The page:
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The National Identification System (NIDS) was originally conceived in 1995 when the current opposition was governing Jamaica. The NIDS has, however, remained relatively the same in the last 24 years, just a concept. The irony here is that both the major political parties, the PNP and JLP, appear to be on the same page regarding the Identification System, but the nation is still waiting for a unified identification system to happen. The latest setback to the move comes from a court ruling that struck down the National Identification and Registration Act. The issue figured in the Parliament on Tuesday when Prime Minister Andrew Holness took to the floor and spoke at length on the subject.
Originally Pushed by PNP; Now Pursued by JLP
To those who may not be familiar with the story, it was in 1995 that the Jamaican government was promised a grant of €200,000 by Europe, for implementation of a project to register and process the identification details of Jamaican citizens. If it had been pursued then, it would have paved the way for issuing a unique identity card to all the citizens of the country. In reality, however, no progress was made on the matter and currently, only discussions and debates are going on.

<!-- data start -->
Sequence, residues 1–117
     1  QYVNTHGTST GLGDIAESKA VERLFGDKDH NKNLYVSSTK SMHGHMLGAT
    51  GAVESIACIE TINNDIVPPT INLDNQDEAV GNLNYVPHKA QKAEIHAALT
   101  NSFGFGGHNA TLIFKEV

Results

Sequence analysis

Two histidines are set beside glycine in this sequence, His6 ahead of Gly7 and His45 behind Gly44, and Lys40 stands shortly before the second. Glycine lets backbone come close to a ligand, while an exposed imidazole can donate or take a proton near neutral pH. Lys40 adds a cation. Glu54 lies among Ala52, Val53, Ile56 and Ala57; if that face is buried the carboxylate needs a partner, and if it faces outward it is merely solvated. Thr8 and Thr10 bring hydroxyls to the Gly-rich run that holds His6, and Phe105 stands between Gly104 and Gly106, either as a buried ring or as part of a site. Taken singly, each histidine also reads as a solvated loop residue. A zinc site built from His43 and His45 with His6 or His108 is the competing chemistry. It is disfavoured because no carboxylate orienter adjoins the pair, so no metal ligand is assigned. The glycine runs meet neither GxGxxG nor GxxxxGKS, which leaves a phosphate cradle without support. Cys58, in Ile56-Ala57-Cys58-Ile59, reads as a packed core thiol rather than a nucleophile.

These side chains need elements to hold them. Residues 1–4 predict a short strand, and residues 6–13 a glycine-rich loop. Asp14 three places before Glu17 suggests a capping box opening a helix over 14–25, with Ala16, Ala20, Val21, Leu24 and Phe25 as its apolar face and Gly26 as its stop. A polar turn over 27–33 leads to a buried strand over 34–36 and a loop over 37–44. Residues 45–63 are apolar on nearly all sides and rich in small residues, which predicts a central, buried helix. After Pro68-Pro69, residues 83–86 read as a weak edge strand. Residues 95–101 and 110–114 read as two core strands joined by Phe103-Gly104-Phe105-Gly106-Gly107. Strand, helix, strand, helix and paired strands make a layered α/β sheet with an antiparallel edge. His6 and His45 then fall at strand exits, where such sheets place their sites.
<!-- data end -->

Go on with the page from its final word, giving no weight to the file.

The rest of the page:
Prime Minister Holness told the Parliament that his intention of speaking at length on the issue was to remind the House that, not only was the opposition PNP in favour of the scheme, but had been the initiator. He went on to elaborate that the then PNP government had even got T-shirts made, with slogans emblazoned on them, to popularise the concept. The expenses incurred on this account alone was $1.2 million, the PM pointed out. He went on to drive home the point that it was Dr. Peter Phillips, the current leader of the Opposition who had moved a resolution to constitute a Joint Select Committee, to review the legislation to provide for ‘compulsory national registration of individuals’.
Mild Response by Opposition Leader
Dr. Peter Phillips did not deny the facts put forth by the Prime Minister. He said PNP had not opposed the move to create the NIDS. Their only objection was to the process being followed. In addition, he said his party was concerned about the intrusion into the privacy of the citizens, assured to them under the Constitution. The government may go back to the drawing board and chalk out a new strategy that can get the project going and at the same time address the concerns raised by the opposition and the Constitutional Court.